Sara K. Schneider's Skin in the Game

Reflections on body, culture, and spiritual practice

Nati Baratz ‘s film Unmistaken Child

Documentary of 28-year-old Nepalese monk Tenzin Zopa’s four-year, and eventually successful, search throughout Nepal, Tibet, and India for the child calculated to be of the proper age — only one to one-and-a half years old — to be the reincarnation of his beloved master, the widely revered Geshe Lama Konchong.

Shot against the profoundly beautiful, craggy hillsides that ground Tenzin Zopa’s search, the film shows the dual nature of the young boy who is both child and identified as the reincarnated master. As a toddler, Tenzin Ngodrop must at once pass traditional rites and tests of soul memory before he is identified as Geshe Lama Konchong’s reincarnation — eventually offering blessing to the many Tibetan Buddhists who comes recognizing his identity — and undergo, as the little boy that he still is, such rituals, in scenes both traumatic to him and touching, as the shaving of his head for his new monastic life.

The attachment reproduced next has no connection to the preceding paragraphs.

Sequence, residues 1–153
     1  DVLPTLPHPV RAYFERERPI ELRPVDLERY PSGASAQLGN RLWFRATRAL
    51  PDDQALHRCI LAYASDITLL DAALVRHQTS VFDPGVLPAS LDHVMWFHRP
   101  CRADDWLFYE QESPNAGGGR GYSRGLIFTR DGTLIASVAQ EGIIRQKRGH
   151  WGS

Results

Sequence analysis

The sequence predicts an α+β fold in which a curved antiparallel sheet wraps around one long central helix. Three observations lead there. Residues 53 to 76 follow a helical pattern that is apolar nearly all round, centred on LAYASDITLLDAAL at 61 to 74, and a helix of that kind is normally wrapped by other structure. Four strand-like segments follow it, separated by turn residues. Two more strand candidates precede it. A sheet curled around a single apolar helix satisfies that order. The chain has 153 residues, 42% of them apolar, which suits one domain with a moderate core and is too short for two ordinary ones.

The scenes between Tenzin Zopa and the child are inexpressibly tender and knowing, speaking to the continuity of love, as the gentle monk nurtures in Tenzin Ngodrop the soul that in its previous body cared for him from his seventh year forward.

Unmistaken Child is available at Netflix.

Advertisements

October 15, 2010 Posted by | Films | Leave a comment